Rep. John Boehner, R-Ohio, gave a tearful goodbye speech to a full House of Representatives Thursday morning as he stepped down from his position as speaker. Taking the floor shortly after 9:30 a.m. EDT and jokingly grabbing a box of tissues, Boehner thanked his colleagues and reminisced on his time in office. He is expected to officially resign when a new speaker -- Wisconsin Rep. Paul Ryan -- is elected.

"I leave with no regrets, no burdens," 65-year-old Boehner said in his speech, which was frequently interrupted by applause on both sides of the political aisle. "I'm still just me: the same guy who came here 25 years ago as a small businessman."

Boehner took office in January 2011 after about four years as House Minority Leader, taking over for Rep. Nancy Pelosi, D-Calif., and announced his resignation Sept. 25. The news came one day after he had a private meeting with Pope Francis during the Catholic leader's visit to the United States and amid a legislative battle and party friction considered typical of Boehner's time as speaker. He wanted to avoid a government shutdown, but House Republicans did not want to pass a budget that funded the healthcare nonprofit Planned Parenthood, according to previous International Business Times reporting.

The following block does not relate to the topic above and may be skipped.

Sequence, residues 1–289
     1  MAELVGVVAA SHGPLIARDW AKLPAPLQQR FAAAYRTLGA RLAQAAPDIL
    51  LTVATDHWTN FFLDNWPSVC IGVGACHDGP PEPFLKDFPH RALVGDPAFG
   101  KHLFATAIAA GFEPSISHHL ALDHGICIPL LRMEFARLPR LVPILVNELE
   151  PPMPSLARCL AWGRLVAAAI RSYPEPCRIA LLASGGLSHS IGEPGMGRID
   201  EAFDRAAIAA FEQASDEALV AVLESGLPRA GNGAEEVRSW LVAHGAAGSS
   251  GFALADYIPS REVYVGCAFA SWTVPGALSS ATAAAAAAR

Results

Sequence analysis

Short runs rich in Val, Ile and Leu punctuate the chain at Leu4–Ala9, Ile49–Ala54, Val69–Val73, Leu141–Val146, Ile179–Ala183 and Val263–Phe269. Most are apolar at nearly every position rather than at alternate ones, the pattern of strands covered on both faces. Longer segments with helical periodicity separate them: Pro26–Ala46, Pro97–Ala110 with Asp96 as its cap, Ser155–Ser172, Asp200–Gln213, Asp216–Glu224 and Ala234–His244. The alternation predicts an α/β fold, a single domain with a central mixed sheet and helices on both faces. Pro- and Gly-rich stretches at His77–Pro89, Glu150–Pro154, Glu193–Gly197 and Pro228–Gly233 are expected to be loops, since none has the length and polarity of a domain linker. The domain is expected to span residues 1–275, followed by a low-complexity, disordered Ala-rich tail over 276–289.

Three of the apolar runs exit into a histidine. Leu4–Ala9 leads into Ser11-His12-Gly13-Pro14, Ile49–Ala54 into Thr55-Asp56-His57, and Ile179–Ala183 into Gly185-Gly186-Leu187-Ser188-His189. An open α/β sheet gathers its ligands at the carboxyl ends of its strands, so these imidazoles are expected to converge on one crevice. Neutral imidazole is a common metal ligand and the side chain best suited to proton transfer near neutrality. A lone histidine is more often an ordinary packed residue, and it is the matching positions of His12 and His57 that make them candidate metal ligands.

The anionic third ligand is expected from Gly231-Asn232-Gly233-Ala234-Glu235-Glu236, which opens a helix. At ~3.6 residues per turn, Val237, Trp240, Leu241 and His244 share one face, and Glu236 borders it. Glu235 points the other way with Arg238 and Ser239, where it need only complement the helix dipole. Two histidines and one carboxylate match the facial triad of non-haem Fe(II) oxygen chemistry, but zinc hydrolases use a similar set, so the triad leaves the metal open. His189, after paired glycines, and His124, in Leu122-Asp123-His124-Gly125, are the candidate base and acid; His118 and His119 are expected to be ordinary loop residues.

But Boehner's farewell address focused largely on his happier moments. He said he realized that come Sunday, he won't have a job for the first time since he was 8 years old. His tenure as a public servant "wasn't so much a calling as it was a mission," he said, adding that he was proud of the House's decisions to reform entitlement programs and protect people from tax increases.

Boehner's family looked on proudly as he praised Ryan, who he said he remembered putting up campaign signs for him years ago as a college student. He said he knew Ryan would serve with grace and energy. Boehner himself revealed in a Wednesday exit interview that he planned to move back to Ohio, buy a car and play golf, Time reported.

Ending with a crying joke and a string of thank-yous to his staff and peers, Boehner told the House to never forget they were the luckiest people on Earth for living in a country where anything was possible. "If you falter -- and you will -- you can just pick yourself up, dust yourself off and go do it again, because hope always springs eternal," he finished. "If you just do the right things for the right reasons, good things will happen, and this too can happen to you."